The Forum is there to provide a place of discussion for members of the site and community. In general, games should be played independently of the Forum. As such, anything which unnecessarily breaks that independence will be seen as cheating. Below are lists of things which are examples of cheating when instances of this independence is breached unnecessarily. In general, if you are at all unsure about whether to post in the Forum, contact Admin/Mods for help.

1. Cheaters Forum.
(a) Threatening players in a game with reporting them for cheating unless they act in your favour in the game.
(b) Threatening to have players banned from site for cheating in a game.
(c) Openly accusing a player of cheating in a game (by Public Press or messages) without evidence and/or without posting in the Cheaters section.
Clarification: It is accepted that it might be useful to discuss potential cheating with the player(s) concerned or others in a game before making an accusation in the Forum. What we are trying to prevent here is false accusations which are being made to alter a game, something which wouldn't be possible without the Cheaters forum.
(d) Posting in the Cheaters section, claiming you have been accused of cheating, when this has not happened.
Clarification: There's nothing wrong with defending yourself against an accusation. What we are trying to prevent is players using the above rules to post in the Forum if another player asks about something s/he has found suspicious.
(e) Posting in the Cheaters section when there is no real evidence of cheating.
Clarification: It is accepted that sometimes one person may see something as cheating whilst another may not. There is guidance on this subject at:
So you think someone is cheating?


2. Bugs Section.
While players should feel free to post suspected bugs, attempts to use the Bugs forum as a tool to support in-game activity will not be tolerated. The following are NOT reasons to post in this forum, and posting without evidence will be seen as cheating, in that players are seeking to gain an advantage in the game by having the game history re-written.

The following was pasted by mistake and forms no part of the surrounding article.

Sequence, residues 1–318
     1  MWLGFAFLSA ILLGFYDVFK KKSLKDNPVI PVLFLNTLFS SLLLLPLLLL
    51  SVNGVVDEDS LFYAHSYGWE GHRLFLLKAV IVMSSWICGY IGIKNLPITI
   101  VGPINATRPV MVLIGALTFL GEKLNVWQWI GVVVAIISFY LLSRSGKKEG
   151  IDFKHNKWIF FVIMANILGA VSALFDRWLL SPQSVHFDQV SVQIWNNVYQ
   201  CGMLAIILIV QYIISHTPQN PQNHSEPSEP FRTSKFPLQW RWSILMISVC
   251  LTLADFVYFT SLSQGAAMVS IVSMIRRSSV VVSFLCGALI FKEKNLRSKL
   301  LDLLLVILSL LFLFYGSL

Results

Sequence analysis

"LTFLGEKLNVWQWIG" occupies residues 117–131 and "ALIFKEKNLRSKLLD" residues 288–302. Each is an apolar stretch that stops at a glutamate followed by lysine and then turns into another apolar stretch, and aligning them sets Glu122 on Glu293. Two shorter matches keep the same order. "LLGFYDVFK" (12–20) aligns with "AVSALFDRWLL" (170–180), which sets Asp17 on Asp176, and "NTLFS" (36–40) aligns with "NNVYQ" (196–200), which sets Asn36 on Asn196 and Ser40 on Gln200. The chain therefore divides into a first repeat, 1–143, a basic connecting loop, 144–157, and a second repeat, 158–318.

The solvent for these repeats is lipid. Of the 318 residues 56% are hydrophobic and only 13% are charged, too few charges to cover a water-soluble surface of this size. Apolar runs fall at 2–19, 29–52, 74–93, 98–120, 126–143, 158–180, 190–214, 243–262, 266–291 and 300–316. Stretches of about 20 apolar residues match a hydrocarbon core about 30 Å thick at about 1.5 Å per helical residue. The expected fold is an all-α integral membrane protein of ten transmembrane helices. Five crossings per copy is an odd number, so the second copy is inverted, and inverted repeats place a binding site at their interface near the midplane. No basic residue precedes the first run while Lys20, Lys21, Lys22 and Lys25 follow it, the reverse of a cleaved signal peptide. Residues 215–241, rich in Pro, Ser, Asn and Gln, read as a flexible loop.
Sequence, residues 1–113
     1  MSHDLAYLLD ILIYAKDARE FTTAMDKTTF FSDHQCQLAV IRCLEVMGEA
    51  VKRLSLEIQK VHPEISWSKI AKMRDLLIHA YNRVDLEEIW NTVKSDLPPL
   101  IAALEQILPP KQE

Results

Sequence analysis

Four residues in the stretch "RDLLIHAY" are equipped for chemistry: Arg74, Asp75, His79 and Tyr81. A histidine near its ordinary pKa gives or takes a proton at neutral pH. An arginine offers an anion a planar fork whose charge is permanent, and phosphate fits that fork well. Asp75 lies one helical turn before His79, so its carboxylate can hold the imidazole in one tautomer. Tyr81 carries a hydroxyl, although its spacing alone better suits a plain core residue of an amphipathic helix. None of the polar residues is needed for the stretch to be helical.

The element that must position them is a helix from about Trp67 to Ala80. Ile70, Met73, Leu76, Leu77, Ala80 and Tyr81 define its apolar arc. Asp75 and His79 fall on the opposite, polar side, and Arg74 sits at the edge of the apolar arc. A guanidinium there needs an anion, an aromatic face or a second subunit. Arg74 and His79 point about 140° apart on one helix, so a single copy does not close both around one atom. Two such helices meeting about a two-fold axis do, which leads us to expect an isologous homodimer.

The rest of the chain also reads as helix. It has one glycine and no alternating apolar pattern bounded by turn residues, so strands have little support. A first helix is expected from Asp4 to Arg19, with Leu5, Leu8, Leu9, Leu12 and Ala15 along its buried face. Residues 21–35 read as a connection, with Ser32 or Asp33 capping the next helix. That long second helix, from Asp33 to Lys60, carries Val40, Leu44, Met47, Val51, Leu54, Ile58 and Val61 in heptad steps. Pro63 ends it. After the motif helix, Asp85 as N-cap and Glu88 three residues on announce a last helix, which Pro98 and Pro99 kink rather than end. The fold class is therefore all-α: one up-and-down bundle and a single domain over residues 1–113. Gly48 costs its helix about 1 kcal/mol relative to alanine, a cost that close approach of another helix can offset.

(a) Players seek to use the Forum to deliberately make false “bug” reports.
(b) Players seek to use the Forum to support misinformation they have issued in the game.
Clarification: In general, Admin will not consider a rewriting of game history unless there is evidence of a problem on site or a mis-adjudication of orders. See Bugs forum guidelines (Bugs Policy) for further clarification.

3. Strategy and Rules Sections.
The Strategy section is meant as a place where members can discuss strategy in general. The Rules section is where players can ask questions about, and clarify, the rules of Diplomacy. Members should not:
(a) Provide a link to an active game they are in.
(b) In Strategy, refer to a situation in an active game they are in when posting, including posting game name and ID.
(c) In Rules, mention game name and ID unless asked to by a Moderator. Situations can usually be discussed by giving the orders in question without needing to refer directly to an active game.
Clarification: If, as a result of a discussion in Rules, a member feels there has been a mis-adjudication, this should be brought up with a Mod by PM (or posted in Bugs).

Actions taken when users violate the separation of the Forum and games typically range from Forum warnings and cheating warnings, to being surrendered from games in which Mods feel an advantage has been sought, but rarely result in disabling accounts unless there has been a number of occurrences.

NB: Ignorance is no defence. Everyone has the chance to make themselves aware of site rules and if you don’t take the time to do so that is your responsibility.